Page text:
I originally started posting on J.C. Penney (JCP) after the stock offering in late September because I thought that at any price near the offering the stock offered an attractive if not extraordinary risk reward to invest in the company with near and intermediate liquidity needs taken off the table.
I was surprised at how one sided the sell-side commentary was, not to mention the almost daily screeds from the legions of SA short contributors and members. My bullish call on the stock proved to be a few weeks early as the stock and bonds continued to swoon until Imperial's infamous $1 price target and Marc Lasry's bullish call in the bonds turned the tide. The entire capital structure has never looked back and has been on a steady run for weeks into and through Black Friday.
There is a huge difference between when I was initially the lone bull on the stock and bonds and today - we have actual positive data. In Q3, we had the first positive comp sales numbers in two years, a significant milestone for a company that had been in a sales free fall. The company also met to exceeded earnings expectations for the first time in recent memory. Last night, we have what I have been looking for - an inflection point. November comp. store sales (which includes Black Friday) were up over 10%, beating all but the most bullish of street expectations.
I still believe that in the long term for the stock to really perform, sales must go back to around $15 billion and gross margins must return to the mid 30s+. Those numbers should get you to around $20 in value though the stock will probably wildly overshoot that targets as shorts cover and momentum bulls overly extrapolate sales results - see Best Buy (BBY) as a classic example of how this occurs.
JCP was the perfect short in October, longs left holding the bag from a massively dilutive offering, no meaningful operating data until Black Friday, and 23 of 26 analysts that cover the company according to Bloomberg with sells or holds. Now, JCP may be the perfect long. We have the sales inflection point that the sell and buy side was looking for in order to upgrade or just buy the stock. This morning, Goldman, one of the big bears on the name, whose distressed desk started the run on the stock, called the sales turn an inflection point. Wells Fargo and a few of the other perma bears are performing gyrations to say that 10% isn't really good enough, or not real, or bought from too much discounting, which is what they were saying about Q3 comp. sales until margins came out in line and proved them wrong. Almost every target price is below the current stock quote, these will have to come up as Goldman's did today. The bonds and CDS have stabilized back to stressed but not distressed yields - calming vendors and investors. There will be no meaningful earnings news until January, just the bullish comp. sales number that we just received. This new news gives me confidence that we can see the sales recapture from customers lost in the Ron Johnson purge to get back to $15 billion in top line and $1.5-2 billion in EBITDA to hit my $20+ target. I have added to my position this morning.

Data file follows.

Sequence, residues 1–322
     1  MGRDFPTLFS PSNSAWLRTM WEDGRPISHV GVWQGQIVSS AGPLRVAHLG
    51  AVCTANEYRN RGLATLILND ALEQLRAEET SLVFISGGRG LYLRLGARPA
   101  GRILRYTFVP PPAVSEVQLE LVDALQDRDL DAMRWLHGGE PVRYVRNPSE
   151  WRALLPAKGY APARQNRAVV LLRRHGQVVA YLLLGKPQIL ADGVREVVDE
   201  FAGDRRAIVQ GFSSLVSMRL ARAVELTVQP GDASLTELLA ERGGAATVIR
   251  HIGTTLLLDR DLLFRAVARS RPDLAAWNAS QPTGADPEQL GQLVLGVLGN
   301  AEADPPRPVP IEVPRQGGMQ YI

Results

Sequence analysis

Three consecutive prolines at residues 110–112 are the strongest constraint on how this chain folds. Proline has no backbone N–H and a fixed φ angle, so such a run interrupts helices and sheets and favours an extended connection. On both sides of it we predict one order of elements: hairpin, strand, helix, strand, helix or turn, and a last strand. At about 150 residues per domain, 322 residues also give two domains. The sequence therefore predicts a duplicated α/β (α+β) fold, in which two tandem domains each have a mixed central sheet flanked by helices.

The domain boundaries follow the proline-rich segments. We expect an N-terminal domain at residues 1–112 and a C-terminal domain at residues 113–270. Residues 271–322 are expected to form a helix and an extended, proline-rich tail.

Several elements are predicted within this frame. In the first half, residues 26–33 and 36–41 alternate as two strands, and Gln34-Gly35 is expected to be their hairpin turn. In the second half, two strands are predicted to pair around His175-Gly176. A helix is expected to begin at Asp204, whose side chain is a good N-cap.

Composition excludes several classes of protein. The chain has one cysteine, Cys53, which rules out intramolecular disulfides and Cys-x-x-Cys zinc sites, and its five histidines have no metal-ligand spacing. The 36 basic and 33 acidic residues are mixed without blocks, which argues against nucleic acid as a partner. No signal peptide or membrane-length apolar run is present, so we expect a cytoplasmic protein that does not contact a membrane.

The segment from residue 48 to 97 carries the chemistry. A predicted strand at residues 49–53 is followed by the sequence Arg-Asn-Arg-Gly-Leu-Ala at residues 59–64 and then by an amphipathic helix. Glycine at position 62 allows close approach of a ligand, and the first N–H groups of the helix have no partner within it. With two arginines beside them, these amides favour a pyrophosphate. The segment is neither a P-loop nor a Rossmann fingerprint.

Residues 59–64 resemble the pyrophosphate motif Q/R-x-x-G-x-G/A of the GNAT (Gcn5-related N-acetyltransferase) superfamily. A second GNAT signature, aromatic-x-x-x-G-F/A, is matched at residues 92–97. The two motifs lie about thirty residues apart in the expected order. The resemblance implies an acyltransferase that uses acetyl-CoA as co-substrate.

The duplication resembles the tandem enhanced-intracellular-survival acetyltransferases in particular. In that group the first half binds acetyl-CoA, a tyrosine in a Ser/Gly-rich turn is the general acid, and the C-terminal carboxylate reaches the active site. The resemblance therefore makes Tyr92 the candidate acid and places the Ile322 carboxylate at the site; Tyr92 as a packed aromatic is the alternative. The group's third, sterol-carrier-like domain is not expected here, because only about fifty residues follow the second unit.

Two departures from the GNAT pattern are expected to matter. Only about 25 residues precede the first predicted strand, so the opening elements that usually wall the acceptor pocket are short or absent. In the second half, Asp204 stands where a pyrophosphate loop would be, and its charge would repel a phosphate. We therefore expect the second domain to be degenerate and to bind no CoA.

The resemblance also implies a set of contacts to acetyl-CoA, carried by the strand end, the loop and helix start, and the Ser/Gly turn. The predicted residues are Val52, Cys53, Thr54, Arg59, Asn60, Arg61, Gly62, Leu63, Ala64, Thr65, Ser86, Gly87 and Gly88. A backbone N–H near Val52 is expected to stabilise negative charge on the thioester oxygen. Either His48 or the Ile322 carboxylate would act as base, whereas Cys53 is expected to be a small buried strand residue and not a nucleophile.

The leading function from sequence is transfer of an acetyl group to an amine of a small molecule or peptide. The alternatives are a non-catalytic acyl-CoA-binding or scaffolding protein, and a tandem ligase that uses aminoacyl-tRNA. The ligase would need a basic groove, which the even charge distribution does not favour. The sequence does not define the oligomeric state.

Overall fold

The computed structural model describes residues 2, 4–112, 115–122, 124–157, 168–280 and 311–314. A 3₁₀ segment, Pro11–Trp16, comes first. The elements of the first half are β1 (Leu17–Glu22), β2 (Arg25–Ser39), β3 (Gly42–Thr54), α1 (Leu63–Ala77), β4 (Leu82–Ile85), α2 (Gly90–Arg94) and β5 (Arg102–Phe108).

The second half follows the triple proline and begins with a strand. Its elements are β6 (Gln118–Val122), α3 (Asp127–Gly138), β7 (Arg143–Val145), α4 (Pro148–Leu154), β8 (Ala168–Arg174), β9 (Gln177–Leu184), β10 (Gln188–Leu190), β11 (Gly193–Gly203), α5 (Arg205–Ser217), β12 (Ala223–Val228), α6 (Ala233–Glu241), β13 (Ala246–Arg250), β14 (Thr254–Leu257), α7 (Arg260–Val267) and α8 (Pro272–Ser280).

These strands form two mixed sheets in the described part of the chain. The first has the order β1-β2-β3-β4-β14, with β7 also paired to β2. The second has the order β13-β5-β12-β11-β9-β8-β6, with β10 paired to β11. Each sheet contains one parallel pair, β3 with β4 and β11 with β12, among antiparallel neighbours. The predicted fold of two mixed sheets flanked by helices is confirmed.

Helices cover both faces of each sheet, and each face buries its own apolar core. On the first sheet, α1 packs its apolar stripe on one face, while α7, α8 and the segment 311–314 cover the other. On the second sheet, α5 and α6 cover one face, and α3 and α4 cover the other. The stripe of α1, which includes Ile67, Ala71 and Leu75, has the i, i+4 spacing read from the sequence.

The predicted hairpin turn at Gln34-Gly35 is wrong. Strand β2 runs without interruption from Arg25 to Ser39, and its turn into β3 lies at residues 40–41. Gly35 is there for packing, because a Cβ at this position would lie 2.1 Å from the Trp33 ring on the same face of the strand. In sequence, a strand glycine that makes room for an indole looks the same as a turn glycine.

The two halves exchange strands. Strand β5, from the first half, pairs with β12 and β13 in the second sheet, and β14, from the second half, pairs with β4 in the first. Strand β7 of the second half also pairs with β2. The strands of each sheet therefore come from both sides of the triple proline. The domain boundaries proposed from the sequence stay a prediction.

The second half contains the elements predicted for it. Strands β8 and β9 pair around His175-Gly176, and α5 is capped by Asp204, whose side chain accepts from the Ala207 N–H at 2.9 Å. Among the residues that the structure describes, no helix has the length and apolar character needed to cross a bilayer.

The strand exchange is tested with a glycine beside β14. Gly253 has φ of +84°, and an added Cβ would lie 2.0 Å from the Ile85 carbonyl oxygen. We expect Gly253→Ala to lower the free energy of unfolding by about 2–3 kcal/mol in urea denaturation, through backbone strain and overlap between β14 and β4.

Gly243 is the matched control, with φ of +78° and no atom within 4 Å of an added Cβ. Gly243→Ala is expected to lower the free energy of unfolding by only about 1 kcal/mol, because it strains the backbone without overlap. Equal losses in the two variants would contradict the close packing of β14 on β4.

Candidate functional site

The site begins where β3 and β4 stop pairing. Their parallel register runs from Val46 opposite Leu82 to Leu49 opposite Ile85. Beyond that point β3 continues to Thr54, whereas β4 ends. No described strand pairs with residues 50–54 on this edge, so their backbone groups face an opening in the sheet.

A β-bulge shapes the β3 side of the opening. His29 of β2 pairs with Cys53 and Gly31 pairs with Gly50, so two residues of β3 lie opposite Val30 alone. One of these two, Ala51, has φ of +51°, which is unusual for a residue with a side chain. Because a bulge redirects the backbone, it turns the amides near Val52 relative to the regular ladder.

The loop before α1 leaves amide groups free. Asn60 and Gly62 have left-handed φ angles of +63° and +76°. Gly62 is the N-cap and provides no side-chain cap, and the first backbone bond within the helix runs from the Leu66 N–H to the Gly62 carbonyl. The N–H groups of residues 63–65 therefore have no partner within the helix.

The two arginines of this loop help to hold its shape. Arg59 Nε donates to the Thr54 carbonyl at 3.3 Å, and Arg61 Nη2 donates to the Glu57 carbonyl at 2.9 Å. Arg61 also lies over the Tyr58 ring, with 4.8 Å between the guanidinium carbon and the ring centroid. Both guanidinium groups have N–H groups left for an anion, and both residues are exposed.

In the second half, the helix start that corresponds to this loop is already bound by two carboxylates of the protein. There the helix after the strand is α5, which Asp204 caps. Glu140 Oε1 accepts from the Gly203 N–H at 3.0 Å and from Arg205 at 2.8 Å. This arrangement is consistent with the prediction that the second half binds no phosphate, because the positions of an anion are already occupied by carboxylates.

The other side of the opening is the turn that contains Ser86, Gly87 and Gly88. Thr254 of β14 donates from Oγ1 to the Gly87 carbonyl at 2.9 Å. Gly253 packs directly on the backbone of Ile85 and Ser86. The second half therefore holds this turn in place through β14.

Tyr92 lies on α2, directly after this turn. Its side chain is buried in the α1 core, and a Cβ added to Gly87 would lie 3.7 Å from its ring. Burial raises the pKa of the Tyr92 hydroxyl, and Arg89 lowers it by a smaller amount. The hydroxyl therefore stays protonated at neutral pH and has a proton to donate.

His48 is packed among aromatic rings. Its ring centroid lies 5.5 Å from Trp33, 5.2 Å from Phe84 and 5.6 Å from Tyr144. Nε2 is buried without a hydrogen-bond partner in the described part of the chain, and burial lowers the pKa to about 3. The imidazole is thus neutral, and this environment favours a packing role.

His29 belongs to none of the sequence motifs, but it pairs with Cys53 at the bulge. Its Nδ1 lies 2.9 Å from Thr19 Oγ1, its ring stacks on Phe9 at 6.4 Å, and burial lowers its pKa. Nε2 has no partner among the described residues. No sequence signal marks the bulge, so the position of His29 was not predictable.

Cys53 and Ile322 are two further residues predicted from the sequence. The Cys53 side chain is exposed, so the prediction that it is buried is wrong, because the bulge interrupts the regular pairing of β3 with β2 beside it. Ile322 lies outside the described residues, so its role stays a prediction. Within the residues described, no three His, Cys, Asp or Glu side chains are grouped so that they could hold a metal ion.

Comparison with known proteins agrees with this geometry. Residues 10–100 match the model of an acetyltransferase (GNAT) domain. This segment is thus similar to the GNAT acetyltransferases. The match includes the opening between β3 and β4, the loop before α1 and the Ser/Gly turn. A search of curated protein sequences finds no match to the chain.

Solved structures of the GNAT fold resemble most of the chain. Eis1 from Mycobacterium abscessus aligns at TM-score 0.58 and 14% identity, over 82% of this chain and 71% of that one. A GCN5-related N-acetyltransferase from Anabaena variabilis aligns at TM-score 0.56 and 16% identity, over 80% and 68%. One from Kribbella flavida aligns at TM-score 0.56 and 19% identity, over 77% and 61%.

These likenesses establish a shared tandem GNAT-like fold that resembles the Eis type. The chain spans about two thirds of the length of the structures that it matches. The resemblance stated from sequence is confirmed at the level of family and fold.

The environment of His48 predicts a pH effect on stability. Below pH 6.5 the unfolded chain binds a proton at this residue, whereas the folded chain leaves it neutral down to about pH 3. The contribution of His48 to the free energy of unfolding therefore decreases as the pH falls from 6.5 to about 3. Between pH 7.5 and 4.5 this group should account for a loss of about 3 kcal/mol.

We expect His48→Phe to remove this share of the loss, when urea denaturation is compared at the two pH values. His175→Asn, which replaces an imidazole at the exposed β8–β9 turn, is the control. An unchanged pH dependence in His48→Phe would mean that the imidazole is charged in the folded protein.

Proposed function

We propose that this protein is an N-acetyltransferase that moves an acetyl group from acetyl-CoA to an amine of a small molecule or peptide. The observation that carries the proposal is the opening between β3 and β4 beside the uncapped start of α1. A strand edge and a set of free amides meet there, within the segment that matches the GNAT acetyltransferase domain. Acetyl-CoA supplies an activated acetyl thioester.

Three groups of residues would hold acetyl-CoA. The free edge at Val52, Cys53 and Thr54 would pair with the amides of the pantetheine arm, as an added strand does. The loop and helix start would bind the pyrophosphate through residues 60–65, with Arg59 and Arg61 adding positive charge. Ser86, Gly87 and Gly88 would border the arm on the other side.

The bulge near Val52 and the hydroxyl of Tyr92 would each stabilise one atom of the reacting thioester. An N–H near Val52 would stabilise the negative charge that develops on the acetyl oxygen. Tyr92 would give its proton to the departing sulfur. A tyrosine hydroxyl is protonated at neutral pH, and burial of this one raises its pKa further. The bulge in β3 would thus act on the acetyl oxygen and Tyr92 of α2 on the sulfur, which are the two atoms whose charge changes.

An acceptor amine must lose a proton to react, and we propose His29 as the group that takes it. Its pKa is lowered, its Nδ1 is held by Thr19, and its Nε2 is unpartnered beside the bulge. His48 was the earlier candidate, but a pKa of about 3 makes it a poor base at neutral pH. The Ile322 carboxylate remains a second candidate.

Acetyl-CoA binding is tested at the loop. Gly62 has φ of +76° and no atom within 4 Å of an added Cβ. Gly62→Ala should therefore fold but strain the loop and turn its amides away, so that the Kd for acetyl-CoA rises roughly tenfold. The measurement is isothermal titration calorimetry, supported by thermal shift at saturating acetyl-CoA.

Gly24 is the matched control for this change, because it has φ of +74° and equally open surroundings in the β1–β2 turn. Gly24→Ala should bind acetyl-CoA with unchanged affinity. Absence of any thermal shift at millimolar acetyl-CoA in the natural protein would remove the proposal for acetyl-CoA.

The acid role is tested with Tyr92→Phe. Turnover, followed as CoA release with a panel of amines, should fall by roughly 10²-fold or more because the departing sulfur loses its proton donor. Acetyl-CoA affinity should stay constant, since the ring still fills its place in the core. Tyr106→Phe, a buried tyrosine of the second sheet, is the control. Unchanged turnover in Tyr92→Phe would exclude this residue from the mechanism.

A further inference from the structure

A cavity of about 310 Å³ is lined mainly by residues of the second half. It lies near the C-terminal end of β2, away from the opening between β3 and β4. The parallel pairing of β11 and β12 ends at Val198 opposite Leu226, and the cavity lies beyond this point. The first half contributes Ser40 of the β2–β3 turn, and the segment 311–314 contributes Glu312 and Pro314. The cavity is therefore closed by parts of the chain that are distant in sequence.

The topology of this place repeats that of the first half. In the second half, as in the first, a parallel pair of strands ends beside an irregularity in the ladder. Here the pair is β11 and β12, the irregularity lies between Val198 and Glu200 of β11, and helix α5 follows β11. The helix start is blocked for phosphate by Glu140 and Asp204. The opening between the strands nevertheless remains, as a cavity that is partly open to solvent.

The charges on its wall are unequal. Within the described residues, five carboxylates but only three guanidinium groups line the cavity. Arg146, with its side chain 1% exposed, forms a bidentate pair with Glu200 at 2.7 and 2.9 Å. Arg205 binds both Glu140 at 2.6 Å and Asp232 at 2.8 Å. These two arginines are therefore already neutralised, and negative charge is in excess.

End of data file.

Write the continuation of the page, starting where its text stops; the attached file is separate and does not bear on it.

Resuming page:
Additional disclosure: Positions can and do change without warning or notice.